Its factory makes a good car, but that same factory smells fishy.
In case you haven't heard, Jeep's new Detroit factory stinks, and that's not a metaphor; the Jeep Grand Cherokee L is actually bolted together properly. There is actually an offensive odor emanating from the facility, and nobody likes it.
Jeep has gone on record saying that it couldn't figure out why its factory reeks of a "persistent and objectionable paint/solvent" smell, but that it would investigate. By early November, it was reported that the factory still stunk. Jeep hired a third party to investigate the matter and promised state officials that the investigation would be completed by January 9, 2022.
This is not good enough for Member of the Michigan Senate Stephanie Chang and Rashida Tlaib, U.S. Representative for Michigan's 13th congressional district. They are joined in their fight with Stellantis by Detroit City Council member Latisha Johnson.
Together, they sent a letter to the Michigan Department of Environment director, Great Lakes and Energy (EGLE), asking the director of EGLE, Liesl Clark, to issue a stiff fine to Stellantis and fund a relocation program for residents who want to move away from Jeep's stinky factory.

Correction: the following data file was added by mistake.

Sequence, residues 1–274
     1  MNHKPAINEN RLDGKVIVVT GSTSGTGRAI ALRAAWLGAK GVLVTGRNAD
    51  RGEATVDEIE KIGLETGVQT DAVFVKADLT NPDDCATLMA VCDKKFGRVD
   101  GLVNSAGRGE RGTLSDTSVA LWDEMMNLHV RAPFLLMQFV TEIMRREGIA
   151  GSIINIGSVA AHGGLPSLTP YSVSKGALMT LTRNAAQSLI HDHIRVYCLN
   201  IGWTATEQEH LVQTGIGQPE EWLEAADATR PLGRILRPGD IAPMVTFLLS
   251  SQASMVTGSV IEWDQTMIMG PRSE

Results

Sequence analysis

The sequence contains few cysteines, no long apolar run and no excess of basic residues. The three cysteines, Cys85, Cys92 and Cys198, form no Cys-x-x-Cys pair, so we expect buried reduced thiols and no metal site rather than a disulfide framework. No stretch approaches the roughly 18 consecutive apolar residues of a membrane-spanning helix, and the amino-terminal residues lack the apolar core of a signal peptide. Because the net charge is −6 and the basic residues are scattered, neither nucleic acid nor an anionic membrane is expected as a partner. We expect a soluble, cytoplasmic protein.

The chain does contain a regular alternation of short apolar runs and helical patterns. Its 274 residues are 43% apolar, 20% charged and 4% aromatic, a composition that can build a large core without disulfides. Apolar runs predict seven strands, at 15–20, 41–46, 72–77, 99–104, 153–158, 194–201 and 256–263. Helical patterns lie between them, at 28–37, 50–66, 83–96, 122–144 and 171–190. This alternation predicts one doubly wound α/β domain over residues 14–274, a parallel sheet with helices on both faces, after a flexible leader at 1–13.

The Detroit Free Press obtained a copy of the letter, which demands a meeting with EGLE officials as soon as possible. An excerpt from it reads as follows:
"As EGLE moves forward, we urge you to hold Stellantis accountable with the heaviest possible fine that has an actual deterring effect and to include a robust Supplemental Environmental Project (SEP) in the consent order. This SEP should consist of a voluntary relocation effort funded by Stellantis and a home repair program that would help residents for which the city's home repair program is insufficient."
The letter goes further, calling for a voluntary buyout program that includes the purchase of new properties and addressing the long-term impacts of displacement, which include educational and mental health resources.
The letter also states that the problem dates back years rather than months: "For years, we have heard from residents on Beniteau Street next to the Stellantis Detroit Assembly Complex about the noises, strong odors, vibrations, and most importantly, the impacts changes at the complex have had on their health." According to the letter, EGLE was well aware of these problems when it decided to grant Jeep permission to build a new assembly plant on the site.
"These preexisting burdens are now being exacerbated by the facility, with increasing reports of symptoms including burning eyes, nausea, persistent coughing, tightening of the chest, difficulty breathing, headaches, migraines, and skin conditions," continues the letter.
EGLE confirmed that it had received the letter and that it would have meetings to discuss the issue. "We can't comment on a letter we haven't seen, said Stellantis spokesperson Jodi Tinson. "Our focus continues to be on resolving these issues." To date, EGLE has issued three violation notices against Stellantis' plant.